You can’t have good results in your garden if you don’t start with good soil. Top soils are made up of different components including plant and animal residue, moisture, air space and live soil dwelling organisms.
Organic content provides food for growing plants, food for bacteria, fungi, earthworms and other beneficial organisms. A total organic content should be at least 6% of the top 4” – 6 “of top soil. It also provides a reservoir for moisture. Organic content also provides temperature stability and weed control.
The timing and rate of releasing nutrients is important. Organic material helps to control the amount of fertilizer available at any given time. Air space created by the channels made by various organisms provides space for oxygen, moisture and plant roots. Do not rototill. Tilling the soil collapses this delicate structure. It is better to put a layer of 2” – 4” of compost on top early in the spring to let the nutrients sink in.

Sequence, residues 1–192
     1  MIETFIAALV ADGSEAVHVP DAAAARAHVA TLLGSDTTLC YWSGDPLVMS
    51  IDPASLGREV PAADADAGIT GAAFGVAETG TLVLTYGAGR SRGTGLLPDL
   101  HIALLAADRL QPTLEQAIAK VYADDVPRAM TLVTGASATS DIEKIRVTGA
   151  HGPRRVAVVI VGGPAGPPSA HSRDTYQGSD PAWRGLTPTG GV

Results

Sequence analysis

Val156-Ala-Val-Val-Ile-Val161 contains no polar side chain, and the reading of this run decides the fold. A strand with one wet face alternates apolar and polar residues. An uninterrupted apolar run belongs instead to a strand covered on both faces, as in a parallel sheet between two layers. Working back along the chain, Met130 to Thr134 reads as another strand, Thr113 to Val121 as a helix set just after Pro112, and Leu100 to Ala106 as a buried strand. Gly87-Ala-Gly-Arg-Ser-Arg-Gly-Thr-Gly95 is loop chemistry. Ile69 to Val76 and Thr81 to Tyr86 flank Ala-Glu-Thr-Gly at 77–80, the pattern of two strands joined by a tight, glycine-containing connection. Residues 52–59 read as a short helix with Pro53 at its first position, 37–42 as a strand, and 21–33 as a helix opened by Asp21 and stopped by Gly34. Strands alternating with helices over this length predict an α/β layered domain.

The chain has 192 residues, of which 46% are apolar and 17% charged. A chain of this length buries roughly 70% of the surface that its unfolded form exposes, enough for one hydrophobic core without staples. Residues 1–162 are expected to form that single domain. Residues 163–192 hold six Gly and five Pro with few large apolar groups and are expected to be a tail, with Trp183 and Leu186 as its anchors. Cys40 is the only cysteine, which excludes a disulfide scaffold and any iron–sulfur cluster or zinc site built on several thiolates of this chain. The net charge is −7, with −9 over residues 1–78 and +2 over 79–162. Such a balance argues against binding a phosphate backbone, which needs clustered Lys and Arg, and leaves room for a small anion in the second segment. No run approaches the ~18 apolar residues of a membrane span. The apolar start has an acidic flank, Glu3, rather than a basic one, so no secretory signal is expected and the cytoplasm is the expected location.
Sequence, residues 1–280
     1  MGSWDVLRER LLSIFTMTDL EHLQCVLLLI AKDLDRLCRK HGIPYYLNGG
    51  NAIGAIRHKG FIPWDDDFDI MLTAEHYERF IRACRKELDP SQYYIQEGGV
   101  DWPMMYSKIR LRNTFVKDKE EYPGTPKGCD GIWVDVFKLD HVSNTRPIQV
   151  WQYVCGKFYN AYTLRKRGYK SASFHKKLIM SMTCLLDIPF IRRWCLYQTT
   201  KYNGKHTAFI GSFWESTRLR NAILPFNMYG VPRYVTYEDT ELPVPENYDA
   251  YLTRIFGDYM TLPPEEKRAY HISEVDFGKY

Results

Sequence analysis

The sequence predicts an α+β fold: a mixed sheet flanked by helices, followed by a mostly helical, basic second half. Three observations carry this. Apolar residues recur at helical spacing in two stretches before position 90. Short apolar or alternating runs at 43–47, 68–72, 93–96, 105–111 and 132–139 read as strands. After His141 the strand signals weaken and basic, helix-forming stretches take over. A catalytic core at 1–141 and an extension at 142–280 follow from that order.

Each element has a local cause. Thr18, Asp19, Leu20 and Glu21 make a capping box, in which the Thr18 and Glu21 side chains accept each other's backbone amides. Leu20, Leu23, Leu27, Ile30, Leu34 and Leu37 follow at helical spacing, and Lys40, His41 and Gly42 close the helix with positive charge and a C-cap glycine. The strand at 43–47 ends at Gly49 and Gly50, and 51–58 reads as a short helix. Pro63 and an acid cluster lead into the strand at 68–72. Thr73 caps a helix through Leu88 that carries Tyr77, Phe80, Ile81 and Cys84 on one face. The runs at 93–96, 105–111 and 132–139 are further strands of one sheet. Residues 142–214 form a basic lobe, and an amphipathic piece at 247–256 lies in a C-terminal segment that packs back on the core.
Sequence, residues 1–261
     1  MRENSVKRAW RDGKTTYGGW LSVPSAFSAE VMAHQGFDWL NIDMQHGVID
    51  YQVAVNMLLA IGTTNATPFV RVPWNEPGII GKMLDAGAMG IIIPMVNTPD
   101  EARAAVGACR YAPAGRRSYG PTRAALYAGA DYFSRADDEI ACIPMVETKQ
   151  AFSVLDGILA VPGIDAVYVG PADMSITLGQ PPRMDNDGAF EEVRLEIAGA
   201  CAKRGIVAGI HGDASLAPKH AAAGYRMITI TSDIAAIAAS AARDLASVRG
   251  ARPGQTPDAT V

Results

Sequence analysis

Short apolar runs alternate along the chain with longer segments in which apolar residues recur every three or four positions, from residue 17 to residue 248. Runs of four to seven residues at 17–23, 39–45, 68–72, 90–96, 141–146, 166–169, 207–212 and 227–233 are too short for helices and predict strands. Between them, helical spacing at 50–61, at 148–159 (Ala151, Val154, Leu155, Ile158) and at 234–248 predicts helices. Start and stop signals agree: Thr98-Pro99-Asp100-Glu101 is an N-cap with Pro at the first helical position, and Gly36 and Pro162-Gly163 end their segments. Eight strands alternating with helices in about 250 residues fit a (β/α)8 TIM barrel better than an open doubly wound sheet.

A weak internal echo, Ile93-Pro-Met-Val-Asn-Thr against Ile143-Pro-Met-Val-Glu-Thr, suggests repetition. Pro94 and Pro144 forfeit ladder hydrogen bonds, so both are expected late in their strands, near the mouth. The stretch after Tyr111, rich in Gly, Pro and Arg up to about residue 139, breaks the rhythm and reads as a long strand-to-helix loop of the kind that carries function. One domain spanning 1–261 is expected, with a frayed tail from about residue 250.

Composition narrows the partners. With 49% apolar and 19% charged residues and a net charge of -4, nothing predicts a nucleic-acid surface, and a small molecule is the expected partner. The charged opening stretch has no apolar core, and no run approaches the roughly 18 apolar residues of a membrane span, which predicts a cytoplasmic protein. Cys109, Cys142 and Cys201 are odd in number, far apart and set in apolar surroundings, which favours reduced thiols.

One problem in planting is that plants are usually planted too deep. Dig the hole, add some compost and plant the plant so it is higher than ground level, creating a small rounded berm. In time it will sink to the level of the ground.
Be careful where you buy compost. Most box store compost may be over a year old and have little nutrients left. Denny’s commercial formula is 40% forest material, including rotted wood, leave, moss and humus; 50% pasture material, including shredded alfalfa, grass and cover crops; 10% dairy goat & chicken manure; and nutrient supplements e.g. seed meal, kelp meal, high protein livestock feed, goat mils and trace elements. Do not use walnut leaves for mulch.
Other good sources of compost are Hilton Landscape Central Point and the Grange Coop, who has an excellent compost called Green Planet Compost.